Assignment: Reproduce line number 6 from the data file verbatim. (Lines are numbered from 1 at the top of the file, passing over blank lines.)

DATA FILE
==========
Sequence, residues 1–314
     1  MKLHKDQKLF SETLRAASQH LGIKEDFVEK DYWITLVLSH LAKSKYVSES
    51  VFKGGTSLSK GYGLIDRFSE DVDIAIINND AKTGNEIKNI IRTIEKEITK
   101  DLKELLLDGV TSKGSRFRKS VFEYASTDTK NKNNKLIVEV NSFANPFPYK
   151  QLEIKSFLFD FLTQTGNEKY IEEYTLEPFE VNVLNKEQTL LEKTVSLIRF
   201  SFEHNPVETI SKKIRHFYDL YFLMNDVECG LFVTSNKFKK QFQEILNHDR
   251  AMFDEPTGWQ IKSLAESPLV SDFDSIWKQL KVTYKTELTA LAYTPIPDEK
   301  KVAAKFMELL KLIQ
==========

   201  SFEHNPVETI SKKIRHFYDL YFLMNDVECG LFVTSNKFKK QFQEILNHDR